Bureaucrats Will Resist Efforts to Undo Big Labor Power Grabs
Thumbing their noses at Right to Work supporters and independent-minded employees, and at their allies in Congress, President Barack Obama and his appointees have furnished Big Labor with an array of weapons to force millions of employees into unions over the past eight years.
For example, just this April the Obama Labor Department finalized its “persuader” rule. It is designed to gut employees’ right to hear both sides of the story regarding union representation by making it impractical for employers to seek expert advice regarding their communications with employees during unionization campaigns.
And the month after the “persuader” rule was finalized, the Obama National Labor Relations Board (NLRB) issued its American Baptist Homes of the West decision, sharply curtailing employees’ freedom to work in defiance of Big Labor strike orders. Pro-forced unionism NLRB Chairman Mark Pearce and one other radical Obama appointee found that employers facing a labor stoppage commit an “unfair labor practice” whenever they offer per permanent jobs to nonstriking workers if they are at least partially motivated by a desire to avoid future strikes.
Fortunately, some of the Obama team’s forced unionism-friendly edicts, including the so-called “persuader rule,” have already been turned back in the courts. Other Big Labor power grabs will be relatively easy for President-elected Donald Trump to undo, assuming Trump meant what he said when he identified himself as a strong Right to Work supporter while on the campaign trail.
But some of the Obama Administration’s anti-Right to Work bureaucratic power grabs are unlikely to be blocked by the courts and cannot be overturned by executive order. And the chronic rewriting of federal labor law by the Obama NLRB, which according to one published estimate overturned 91 precedents and more than 4500 years of case law, will surely take years to reverse, if it is ever to be reversed at all. (See the link below for more information.)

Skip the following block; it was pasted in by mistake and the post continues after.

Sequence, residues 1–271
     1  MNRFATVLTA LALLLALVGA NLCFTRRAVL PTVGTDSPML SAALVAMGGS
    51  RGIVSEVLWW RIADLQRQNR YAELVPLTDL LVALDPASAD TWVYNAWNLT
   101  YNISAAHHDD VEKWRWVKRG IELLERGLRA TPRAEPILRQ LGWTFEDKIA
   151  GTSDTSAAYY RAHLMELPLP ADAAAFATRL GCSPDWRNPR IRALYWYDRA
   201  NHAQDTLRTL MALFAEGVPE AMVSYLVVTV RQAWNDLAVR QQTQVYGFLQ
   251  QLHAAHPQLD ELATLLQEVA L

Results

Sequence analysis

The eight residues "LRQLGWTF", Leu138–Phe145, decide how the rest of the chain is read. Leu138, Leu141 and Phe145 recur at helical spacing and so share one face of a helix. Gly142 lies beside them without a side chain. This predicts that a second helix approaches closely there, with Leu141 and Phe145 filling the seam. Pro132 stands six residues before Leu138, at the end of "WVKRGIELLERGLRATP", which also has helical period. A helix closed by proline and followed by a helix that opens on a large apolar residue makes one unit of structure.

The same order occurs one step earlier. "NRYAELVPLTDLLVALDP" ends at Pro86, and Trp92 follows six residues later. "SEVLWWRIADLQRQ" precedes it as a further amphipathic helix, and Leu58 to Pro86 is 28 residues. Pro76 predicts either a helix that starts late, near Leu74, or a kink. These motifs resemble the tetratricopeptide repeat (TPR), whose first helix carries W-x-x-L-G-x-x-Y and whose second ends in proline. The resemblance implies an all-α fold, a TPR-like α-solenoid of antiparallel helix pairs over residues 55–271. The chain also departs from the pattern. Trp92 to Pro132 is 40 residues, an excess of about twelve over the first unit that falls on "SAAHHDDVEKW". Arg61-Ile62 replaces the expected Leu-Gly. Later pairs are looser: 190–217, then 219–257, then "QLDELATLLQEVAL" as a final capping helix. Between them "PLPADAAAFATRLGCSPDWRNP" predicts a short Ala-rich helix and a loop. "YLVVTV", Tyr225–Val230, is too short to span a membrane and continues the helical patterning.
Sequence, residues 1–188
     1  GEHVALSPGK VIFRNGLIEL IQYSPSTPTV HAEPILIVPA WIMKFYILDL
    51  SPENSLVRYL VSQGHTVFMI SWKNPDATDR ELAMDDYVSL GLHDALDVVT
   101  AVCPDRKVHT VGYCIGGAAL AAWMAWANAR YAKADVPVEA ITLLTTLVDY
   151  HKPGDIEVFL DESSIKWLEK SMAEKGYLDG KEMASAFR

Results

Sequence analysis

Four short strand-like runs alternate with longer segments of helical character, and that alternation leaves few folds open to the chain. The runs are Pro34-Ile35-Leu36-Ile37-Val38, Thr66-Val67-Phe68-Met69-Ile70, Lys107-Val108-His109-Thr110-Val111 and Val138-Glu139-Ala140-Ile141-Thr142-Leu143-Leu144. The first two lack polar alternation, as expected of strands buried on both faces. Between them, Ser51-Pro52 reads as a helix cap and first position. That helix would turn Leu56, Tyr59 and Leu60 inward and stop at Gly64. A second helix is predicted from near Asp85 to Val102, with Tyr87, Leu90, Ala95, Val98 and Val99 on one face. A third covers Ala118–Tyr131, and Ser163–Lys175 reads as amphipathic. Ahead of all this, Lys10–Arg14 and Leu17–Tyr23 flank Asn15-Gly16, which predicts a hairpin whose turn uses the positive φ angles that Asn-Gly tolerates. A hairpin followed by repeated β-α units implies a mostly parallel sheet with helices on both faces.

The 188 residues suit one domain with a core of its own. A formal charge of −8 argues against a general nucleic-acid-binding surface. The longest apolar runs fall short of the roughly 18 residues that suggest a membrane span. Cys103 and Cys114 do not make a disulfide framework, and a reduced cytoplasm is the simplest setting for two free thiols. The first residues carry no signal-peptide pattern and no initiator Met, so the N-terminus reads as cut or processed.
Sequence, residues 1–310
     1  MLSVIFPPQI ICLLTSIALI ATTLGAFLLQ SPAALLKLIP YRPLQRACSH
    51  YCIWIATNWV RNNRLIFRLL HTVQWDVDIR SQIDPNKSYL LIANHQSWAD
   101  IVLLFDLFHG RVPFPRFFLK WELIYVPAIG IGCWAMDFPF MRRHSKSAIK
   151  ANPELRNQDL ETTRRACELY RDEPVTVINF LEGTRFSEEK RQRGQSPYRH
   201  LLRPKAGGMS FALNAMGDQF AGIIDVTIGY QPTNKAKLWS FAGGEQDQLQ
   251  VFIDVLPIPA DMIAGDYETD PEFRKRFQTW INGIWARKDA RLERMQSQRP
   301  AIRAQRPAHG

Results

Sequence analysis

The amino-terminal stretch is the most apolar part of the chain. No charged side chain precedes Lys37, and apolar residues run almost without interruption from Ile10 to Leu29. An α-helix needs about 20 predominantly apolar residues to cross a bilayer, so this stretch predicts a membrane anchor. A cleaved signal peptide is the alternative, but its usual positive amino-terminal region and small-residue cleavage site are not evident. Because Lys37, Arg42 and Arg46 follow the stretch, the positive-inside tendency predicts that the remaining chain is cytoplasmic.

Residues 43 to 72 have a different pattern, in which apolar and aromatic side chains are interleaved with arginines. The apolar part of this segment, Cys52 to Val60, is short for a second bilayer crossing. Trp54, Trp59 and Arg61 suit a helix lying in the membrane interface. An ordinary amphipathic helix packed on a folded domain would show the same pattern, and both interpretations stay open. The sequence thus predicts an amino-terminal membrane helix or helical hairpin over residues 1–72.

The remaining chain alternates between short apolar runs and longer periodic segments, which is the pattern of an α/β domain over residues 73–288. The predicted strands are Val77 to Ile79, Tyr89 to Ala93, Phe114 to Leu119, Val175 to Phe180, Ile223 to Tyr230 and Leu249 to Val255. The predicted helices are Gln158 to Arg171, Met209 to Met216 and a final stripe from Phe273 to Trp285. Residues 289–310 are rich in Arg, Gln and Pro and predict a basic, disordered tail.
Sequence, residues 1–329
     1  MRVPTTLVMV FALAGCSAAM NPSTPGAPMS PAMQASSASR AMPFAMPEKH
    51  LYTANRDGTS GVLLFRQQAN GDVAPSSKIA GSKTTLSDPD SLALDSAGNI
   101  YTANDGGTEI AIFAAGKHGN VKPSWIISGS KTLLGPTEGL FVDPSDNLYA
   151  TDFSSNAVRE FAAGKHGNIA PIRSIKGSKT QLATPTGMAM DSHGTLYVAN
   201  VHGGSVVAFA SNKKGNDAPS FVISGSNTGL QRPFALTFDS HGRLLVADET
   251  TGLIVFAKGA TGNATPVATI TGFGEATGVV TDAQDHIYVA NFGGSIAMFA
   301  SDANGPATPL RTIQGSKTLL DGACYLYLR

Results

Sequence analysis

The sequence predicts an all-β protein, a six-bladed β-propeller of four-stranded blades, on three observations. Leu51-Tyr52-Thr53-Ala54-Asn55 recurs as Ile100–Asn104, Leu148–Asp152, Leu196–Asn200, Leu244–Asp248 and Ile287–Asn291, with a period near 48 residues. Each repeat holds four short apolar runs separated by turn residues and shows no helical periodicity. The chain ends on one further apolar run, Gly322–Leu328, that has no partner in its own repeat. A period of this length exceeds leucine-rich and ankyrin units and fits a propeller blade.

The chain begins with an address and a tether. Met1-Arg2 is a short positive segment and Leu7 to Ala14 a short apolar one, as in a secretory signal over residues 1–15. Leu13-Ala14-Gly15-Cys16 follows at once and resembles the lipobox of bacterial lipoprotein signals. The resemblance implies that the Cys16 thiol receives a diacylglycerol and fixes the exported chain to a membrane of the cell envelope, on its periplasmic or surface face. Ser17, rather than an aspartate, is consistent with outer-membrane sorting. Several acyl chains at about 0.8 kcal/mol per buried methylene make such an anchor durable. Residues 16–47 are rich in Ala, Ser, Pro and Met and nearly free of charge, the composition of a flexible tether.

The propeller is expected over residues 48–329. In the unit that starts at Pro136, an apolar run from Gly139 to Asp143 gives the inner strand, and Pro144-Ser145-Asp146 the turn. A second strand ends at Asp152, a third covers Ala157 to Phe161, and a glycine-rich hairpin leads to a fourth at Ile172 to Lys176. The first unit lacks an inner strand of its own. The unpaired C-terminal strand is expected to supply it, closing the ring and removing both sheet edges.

One roadblock that will remain in place for most of the first year of the Trump Administration is NLRB General Counsel Richard Griffin, whose term won’t expire until November 2017. When union bosses break the law and refuse to grant employees even the limited freedom of choice that federal labor law is supposed to afford them, they typically cannot vindicate their rights without the general counsel’s help.
American Baptist Homes of the West and most of the other damage done to employee rights done by the Obama NLRB stemmed from cases originally heard by administrative law judges. To undo the damage, new cases will have to be brought, make their way through the NLRB bureaucracy, and ultimately be heard by Trump appointees on the board itself.
It is feasible that all of the most egregious expansions of Big Labor’s compulsory-unionism privileges implemented by the Obama NLRB could eventually be rolled back, but that will require a great deal of resolve from the next President and his appointees.
The challenge faced by the Trump Administration from pro-forced unionism “permanent” bureaucrats as well as Obama holdovers is underscored by anonymous emails solicited by and sent to journalist Hamilton Nolan after the November elections.
One NLRB lawyer boasted of his agency’s success at defying the lawmakers who vote for its budget and “weathering” court decisions finding that it had acted outside its legal authority. The lawyer also bemoaned the possibility that a national Right to Work law could be adopted during the Trump presidency.
A Department of Labor employee who emailed Mr. Nolan was also rabidly anti-Trump, but hopeful that the President-elect’s “attention span” will be too short to address the federal bureaucracy’s pro-forced unionism bias!